Amateurism: Exploring its Multiple Meanings in the Age of Film, Video, and Digital Media

Susan Aasman, Tim van der Heijden, Tom Slootweg

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    In the current digital age, media amateurs seem to have taken over a large part of cultural production and revised traditional hierarchies between pro- fessionals and amateurs. This development has been characterized as a form of “mass amateurisation,” or even “mass cultural production.” This present state of affairs is deeply embedded in an ongoing discourse on the value of being an ama- teur. Both in public discourse and in scholarly debates, amateurism has been conceptually categorized as either a self-assigned role or as a label that is con- ferred by others. To explore the multiple meanings of amateurism, this chapter demonstrates how a media historical approach helps to better understand the full complexity of the concept. In addition, we propose that future research can benefit from the development of clear analytical approaches to identify various amateur modes of practice, while also acknowledging the ongoing hybridity of the media amateur.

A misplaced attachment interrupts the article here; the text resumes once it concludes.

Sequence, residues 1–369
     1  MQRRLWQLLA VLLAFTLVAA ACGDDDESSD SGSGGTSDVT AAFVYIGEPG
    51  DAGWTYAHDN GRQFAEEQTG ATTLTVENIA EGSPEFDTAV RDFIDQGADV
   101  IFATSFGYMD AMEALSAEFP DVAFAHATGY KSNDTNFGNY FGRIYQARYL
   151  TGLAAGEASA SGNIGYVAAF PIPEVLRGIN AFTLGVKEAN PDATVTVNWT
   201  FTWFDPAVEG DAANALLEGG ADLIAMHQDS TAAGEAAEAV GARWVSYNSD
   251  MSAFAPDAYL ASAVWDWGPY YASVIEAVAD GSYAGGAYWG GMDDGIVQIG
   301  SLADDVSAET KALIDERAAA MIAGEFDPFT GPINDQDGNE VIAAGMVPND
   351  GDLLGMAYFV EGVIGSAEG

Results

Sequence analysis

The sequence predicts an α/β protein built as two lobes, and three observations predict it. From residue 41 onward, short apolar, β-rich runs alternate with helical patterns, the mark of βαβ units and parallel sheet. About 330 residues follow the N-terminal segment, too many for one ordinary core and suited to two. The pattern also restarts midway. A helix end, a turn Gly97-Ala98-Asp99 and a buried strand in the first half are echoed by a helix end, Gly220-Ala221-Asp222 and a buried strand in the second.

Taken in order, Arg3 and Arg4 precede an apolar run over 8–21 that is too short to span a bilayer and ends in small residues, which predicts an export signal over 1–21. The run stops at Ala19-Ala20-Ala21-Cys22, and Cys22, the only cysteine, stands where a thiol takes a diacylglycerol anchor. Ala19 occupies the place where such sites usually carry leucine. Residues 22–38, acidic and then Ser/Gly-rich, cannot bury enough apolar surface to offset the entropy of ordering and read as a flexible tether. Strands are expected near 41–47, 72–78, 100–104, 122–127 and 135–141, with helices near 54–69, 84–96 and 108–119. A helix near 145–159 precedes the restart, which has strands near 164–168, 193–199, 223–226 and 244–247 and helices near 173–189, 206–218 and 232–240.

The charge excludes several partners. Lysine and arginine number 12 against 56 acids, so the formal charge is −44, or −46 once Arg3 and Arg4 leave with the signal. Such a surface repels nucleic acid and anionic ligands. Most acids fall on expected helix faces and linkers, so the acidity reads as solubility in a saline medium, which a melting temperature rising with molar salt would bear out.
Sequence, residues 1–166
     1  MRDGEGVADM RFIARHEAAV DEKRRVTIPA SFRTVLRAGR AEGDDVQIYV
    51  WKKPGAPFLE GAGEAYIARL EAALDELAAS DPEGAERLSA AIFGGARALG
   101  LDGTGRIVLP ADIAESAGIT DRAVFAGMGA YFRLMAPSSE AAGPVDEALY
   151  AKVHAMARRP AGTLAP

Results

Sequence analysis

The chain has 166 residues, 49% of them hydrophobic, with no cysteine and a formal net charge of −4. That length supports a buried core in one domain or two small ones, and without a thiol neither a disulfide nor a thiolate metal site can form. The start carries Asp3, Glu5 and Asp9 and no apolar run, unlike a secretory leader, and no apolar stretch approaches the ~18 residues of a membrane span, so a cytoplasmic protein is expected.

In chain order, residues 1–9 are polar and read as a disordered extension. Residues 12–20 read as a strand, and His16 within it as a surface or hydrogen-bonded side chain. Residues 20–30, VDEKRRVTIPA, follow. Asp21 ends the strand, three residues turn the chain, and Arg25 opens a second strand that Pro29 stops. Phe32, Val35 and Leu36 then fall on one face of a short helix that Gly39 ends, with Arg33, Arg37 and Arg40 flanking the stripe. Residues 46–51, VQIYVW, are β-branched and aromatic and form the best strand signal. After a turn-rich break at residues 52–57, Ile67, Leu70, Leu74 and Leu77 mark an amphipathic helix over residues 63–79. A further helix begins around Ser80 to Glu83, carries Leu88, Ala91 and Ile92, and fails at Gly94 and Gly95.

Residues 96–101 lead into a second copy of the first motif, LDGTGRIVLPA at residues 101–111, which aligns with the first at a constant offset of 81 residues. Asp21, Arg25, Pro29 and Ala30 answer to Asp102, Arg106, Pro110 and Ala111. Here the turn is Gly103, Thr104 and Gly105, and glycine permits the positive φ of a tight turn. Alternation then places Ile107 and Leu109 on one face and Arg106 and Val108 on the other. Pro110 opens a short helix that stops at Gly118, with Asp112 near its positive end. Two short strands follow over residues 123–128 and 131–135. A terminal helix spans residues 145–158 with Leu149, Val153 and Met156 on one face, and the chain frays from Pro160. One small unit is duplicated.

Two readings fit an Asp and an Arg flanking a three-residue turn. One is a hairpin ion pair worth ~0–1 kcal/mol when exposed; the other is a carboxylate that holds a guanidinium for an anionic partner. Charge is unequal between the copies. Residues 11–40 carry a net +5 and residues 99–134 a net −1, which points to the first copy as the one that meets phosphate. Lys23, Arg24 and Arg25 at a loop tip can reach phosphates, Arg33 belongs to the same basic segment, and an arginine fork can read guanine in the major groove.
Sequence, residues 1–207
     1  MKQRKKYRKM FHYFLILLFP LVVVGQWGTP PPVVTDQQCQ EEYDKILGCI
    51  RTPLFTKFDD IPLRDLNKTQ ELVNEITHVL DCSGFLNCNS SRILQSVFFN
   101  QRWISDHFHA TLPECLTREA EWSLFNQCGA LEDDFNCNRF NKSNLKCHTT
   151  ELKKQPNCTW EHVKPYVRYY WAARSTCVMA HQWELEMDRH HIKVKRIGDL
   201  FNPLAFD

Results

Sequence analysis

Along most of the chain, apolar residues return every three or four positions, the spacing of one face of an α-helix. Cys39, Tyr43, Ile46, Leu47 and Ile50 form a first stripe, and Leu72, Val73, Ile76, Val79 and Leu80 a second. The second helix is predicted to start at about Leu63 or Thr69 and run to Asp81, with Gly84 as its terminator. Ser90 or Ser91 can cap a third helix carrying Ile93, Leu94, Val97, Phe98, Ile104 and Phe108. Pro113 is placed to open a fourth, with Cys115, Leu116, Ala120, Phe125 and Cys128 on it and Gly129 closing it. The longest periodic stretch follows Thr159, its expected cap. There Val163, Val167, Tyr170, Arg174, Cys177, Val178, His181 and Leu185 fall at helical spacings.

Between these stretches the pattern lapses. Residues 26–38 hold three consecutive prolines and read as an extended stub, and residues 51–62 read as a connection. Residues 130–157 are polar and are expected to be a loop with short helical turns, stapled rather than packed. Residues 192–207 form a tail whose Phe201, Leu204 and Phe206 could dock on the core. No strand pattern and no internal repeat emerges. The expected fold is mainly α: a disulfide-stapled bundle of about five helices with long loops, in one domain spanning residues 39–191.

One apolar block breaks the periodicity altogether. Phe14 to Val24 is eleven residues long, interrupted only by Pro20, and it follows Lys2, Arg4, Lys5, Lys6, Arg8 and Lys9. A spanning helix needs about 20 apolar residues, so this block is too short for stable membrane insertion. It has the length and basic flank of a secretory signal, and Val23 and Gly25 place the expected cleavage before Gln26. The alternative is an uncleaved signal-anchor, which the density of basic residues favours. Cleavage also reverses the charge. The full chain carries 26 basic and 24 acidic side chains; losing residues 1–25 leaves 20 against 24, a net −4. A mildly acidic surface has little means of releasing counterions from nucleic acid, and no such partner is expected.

Original languageEnglish
    Title of host publicationDigital Roots
    Subtitle of host publicationHistoricizing Media and Communication Concepts of the Digital Age
    EditorsGabriele Balbi, Nelson Ribeiro, Valérie Schafer, Christian Schwarzenegger
    Place of PublicationBerlin & Boston
    PublisherDe Gruyter
    Number of pages21
    ISBN (Electronic)978-3-11-074028-8
    ISBN (Print)978-3-11-074020-2
    Publication statusPublished - 2021

    Publication series

    NameStudies in Digital History and Hermeneutics
    PublisherDe Gruyter
    ISSN (Print)2629-4540
    ISSN (Electronic)2629-4559


    • amateurism
    • amateur media practices
    • hybridity
    • modes of practice


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